Americans are often accused of being Puritanical. We have weird laws about alcohol and sex, we like to heavily tax or over-regulate things we think of as "sins," and bad words are bleeped off network TV. Of course, all countries have their weird laws and regulations and taxes on various sins and vices, but there's something more pervasive about puritanism in America than there seems to be in, say, Britain. One small example I can think of offhand is that British women can get away with showing a lot more cleavage than American women can. I'm sure there are other, more important examples.
As you would expect, Turkey has its whole Puritan thing going on too. But it's quite different than the way I'm used to, and sometimes it's surprising and contradictory. For example, gambling is forbidden but there are state-run whorehouses. Pornography is strictly illegal, and like gambling, it's one of their many excuses for blocking websites. Newspapers always sport a scantily-clad woman on the front and back pages and several months back, Radikal newspaper (which isn't really all that radical) had a fully nude, tits-and-bush photo of Madonna from one of her teenaged photo shoots on the front page. Even LE had the good sense to like that. It gentled him out of a "I don't want to get in the car" tantrum because he still really likes boobs. But the newspaper thing is weird when I think that I once got yelled at by some covered girls at my old job for changing my gym clothes in the women's locker room instead of waiting my turn to go into a private cabin. Or when I think that my MIL gets mad at me for wearing tank tops in front of FIL.
Until recently, swearing was allowed on Turkish TV. Not the *really* bad words, but worse words than Americans are allowed to use. American regulation of swearing is funny actually. When I was a kid, you couldn't even say "butt" on TV. I think now you can "shit," "ass," and "bitch." Also "asshole" and maybe "dick," but only in reference to people. And only after certain times a day, like you can't say "ass" until after 6pm and no "bitch" until after 9. Of course, anything goes on cable. But it's still weird. And in the US it's the FCC that voluntarily regulates TV while in Turkey it's the state and cable TV isn't exempted.
With the recent smoking ban in public places, the Turkish government in all its wisdom has also decided to ban smoking on TV. This means that whenever someone is smoking, the hand holding the cigarette, pipe, or cigar is blurred out. It look ridiculous and actually draws more attention to the fact that someone is smoking. I wonder what it's supposed to accomplish. Is it so kids don't think smoking is cool? Here's a conversation I thought of that might happen in a Turkish sitting room, translated into English.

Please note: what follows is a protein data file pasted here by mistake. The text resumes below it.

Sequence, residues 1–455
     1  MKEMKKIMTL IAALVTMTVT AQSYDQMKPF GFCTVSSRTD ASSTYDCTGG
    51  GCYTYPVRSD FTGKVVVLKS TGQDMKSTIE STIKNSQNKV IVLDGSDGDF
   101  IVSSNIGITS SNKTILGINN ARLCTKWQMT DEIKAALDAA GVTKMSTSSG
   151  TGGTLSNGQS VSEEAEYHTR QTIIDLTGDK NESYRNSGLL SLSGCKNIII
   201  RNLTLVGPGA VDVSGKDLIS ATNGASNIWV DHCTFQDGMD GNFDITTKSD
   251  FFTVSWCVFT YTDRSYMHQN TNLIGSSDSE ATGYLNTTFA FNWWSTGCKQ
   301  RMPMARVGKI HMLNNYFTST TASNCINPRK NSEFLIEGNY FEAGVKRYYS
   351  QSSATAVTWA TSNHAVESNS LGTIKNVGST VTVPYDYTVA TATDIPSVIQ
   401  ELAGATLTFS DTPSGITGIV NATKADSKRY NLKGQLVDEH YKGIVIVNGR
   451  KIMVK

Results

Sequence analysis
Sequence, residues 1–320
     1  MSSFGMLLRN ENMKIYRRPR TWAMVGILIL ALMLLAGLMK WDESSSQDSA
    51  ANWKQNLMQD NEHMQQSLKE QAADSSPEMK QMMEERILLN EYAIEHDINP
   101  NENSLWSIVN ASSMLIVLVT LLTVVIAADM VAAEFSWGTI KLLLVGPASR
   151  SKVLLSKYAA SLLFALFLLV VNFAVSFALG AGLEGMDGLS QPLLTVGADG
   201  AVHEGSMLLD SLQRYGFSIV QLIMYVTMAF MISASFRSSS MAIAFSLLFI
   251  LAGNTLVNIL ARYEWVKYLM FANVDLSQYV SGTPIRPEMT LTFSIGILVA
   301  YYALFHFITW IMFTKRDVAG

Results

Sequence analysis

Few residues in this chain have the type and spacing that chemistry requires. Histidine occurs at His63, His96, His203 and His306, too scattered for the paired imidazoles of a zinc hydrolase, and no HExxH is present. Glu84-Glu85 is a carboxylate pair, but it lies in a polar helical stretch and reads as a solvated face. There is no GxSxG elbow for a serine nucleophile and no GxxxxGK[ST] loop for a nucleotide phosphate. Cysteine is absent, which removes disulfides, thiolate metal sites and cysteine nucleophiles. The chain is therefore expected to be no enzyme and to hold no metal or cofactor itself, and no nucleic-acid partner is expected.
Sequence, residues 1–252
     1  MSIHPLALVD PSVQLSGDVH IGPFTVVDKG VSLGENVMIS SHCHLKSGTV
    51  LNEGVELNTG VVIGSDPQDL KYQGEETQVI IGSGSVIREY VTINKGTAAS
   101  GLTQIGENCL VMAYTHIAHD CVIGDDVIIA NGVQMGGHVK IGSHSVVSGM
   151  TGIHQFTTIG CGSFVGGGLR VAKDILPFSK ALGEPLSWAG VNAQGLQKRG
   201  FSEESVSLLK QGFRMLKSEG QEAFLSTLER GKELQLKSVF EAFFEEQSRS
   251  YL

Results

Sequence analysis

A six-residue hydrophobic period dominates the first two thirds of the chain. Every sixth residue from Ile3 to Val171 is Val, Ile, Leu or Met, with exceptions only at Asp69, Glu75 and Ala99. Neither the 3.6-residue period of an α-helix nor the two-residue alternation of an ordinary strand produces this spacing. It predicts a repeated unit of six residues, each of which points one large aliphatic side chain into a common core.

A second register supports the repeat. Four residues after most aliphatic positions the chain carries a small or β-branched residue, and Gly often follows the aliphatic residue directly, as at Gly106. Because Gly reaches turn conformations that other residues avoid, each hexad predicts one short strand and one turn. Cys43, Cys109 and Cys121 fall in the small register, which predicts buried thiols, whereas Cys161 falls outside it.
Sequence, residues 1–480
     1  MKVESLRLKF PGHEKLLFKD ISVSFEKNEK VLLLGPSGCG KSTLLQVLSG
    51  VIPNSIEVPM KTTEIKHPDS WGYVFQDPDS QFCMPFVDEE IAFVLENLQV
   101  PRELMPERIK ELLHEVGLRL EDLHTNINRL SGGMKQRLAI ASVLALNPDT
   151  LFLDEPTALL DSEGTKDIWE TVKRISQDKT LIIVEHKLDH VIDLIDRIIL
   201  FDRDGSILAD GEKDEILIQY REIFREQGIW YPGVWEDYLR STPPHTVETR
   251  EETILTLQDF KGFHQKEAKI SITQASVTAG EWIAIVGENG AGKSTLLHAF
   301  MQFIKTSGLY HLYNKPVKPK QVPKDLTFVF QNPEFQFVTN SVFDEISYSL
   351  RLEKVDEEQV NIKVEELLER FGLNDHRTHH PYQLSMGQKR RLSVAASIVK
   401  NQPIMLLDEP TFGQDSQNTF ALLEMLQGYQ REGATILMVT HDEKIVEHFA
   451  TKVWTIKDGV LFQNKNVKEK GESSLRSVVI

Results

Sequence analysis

Child: "Mommy, what's that man doing and why is his face all blurry and why is there smoke coming from his hand?"
Mother: "It's nothing, sweetheart." (puff puff) "Don't give it another thought."
Last night, we tuned into the middle of a film called "Powder Blue." It had this stripper scene in it:
No need to watch more than the first 30 seconds unless you want to see a pretty good strip scene. There's a part where she goes down the pole reeeeallly slooowly, upside down and grinding. Anyway.
Anyway, you'll notice that in the beginning of the scene she's smoking. In Turkey, presumably for the safety and moral protection of children, the cigarette was blurred out. Granted there was that thing she did with the pole, and then later in the scene after she's got the bra off she starts pouring hot wax all over her body and breasts, with lots of hot wax and breasty close-ups. But for the love of God, don't let anyone see she's smoking.
Actually, I imagined watching this movie with LE a few years in the future (okay, so I haven't decided when and what kind of TV to censor because I'm just not into that kind of thing unless it's something scary that gives him nightmares, like Spiderman), and the blurred-out cigarette could in fact save me from this loaded and challenging conversation:
LE: "Mommy, why is that lady dancing naked and putting hot wax on her boobs?"
Me: "Because it's her job?"
LE: "Why is it her job?
Me: "Ummmm... Hey guess what! It's bedtime!"
..and instead we can have this conversation:
LE: "Mommy, why is that naked lady's hand all blurry with smoke coming out of it?"
Me: "Because she's smoking a cigarette."
Me: "Because she's naughty. Now be quiet and let mommy watch."
Aren't contradictions grand?